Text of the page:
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Turkish ski jumper Fatih Arda Ipçioğlu was hailed Sunday after displaying what they said was the flag of the independence movement of East Turkestan, a group Beijing says threatens the stability of its Xinjiang region.
Ipçioğlu on Saturday competed in light blue-colored skis with a white crescent and white star on them. His native Turkish flag is almost identical but features a red background.
It was not clear whether or not the athlete had been making a political statement, or was an unwitting hero to some due to the color of his skis.
On Sunday, İpçioğlu used plain blue skis without the flag, and would not discuss the issue when asked by Reuters. “I don’t want to answer those questions,” he said.
“I changed my skis, these are my competition skis … I try my best and we will see. I showed my jump under the Turkish flag.
“I can just speak about the Turkish flag,” he said when asked if the skis on Saturday had featured the Turkish flag or an East Turkestan flag.
When asked if he had been making a political statement, the athlete said: “Like I said, I am a sportsman, I just do my job. The other things I don’t care about, it’s not my job. I don’t want to answer those questions.”
Uyghur advocates and sympathizers on social media were quick to jump on the issue.
“The first Turk to qualify in ski jumping, Fatih Arda Ipcioglu competed with the East Turkestan flag on his helmet and skis, protesting the Chinese persecution in China,” said a Twitter user. “Congratulations Fatih Arda.”
Another said “Fatih Arda Ipcioglu participated in the competitions with the flag of East Turkestan in the heart of China. Thank you my brave brother.”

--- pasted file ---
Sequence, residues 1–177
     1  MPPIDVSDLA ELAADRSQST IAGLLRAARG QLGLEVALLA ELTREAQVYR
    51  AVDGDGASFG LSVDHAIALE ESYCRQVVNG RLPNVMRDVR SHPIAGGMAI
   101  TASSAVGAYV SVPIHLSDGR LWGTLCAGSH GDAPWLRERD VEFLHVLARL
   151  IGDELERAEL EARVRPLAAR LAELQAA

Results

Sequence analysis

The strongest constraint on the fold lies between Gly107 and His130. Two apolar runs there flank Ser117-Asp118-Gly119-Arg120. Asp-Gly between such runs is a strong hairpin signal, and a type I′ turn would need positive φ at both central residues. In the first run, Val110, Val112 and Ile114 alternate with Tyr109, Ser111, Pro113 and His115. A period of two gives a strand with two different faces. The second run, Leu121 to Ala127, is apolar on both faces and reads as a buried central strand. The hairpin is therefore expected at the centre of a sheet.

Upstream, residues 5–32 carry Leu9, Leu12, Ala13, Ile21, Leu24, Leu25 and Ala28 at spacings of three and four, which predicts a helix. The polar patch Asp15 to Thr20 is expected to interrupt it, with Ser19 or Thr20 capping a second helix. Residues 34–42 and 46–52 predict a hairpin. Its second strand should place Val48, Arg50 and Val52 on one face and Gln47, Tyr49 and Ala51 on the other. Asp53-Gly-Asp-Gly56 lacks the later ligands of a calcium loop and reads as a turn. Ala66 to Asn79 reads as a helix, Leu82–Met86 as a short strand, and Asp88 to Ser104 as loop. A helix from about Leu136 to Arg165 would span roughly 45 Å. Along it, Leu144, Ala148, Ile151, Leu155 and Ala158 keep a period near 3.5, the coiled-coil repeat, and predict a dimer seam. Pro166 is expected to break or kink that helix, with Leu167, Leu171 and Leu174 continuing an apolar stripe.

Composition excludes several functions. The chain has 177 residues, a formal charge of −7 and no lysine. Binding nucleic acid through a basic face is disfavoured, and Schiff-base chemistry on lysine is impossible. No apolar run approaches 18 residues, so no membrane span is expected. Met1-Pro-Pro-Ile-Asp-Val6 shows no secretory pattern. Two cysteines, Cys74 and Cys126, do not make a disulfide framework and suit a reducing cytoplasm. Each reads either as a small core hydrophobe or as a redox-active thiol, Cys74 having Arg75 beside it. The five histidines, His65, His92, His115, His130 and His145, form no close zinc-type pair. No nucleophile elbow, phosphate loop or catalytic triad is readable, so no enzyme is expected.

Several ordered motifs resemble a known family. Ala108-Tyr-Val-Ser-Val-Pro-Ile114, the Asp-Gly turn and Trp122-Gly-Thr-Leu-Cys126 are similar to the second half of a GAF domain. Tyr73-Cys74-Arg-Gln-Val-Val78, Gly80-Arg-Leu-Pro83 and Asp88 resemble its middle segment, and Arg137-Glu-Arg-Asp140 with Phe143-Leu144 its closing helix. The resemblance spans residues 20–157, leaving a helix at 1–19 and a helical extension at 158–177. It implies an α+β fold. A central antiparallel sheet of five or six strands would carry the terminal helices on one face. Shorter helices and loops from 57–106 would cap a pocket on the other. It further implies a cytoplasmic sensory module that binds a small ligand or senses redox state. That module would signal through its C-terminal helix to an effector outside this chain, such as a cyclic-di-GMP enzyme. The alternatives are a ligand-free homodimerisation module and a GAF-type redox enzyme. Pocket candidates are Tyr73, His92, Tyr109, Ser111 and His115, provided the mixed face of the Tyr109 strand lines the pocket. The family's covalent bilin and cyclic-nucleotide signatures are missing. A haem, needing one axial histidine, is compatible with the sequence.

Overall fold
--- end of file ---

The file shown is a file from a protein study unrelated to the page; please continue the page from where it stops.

The display of any political symbol or unofficial flag is strictly forbidden at the Olympics.
Neither the IOC nor the Turkish Olympic team was immediately available for comment.
China’s Xinjiang region is home to a Muslim Uyghur minority. Hundreds of protesters from China’s Muslim Uyghur community had rallied in Turkey’s Istanbul on Friday to call for a boycott of the Beijing Games and to urge participants to speak out against China’s treatment of the ethnic minority.
Some 50,000 Uyghurs are estimated to live in Turkey, the largest Uyghur diaspora outside Central Asia. Turks have close ethnic, religious and linguistic ties to the Uyghurs.
U.N. experts and rights groups estimate more than a million people, mainly from the Uyghur and other Muslim minorities, have been detained in forced labor camps in Xinjiang since 2016.
After initially denying such camps existed, China has since said they are vocational centers and are designed to combat extremism. It denies all accusations of human rights abuses.